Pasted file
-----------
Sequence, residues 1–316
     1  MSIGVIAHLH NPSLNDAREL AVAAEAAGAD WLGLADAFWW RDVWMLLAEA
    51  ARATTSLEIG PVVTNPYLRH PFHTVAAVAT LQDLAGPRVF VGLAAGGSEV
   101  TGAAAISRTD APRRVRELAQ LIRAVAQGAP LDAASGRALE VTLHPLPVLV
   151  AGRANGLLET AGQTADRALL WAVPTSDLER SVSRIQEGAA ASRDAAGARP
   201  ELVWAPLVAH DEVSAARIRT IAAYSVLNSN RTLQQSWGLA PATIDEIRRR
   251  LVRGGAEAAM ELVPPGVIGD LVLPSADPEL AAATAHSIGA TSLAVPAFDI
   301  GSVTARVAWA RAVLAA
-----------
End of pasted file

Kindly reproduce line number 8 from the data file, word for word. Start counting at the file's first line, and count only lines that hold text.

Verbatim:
   301  GSVTARVAWA RAVLAA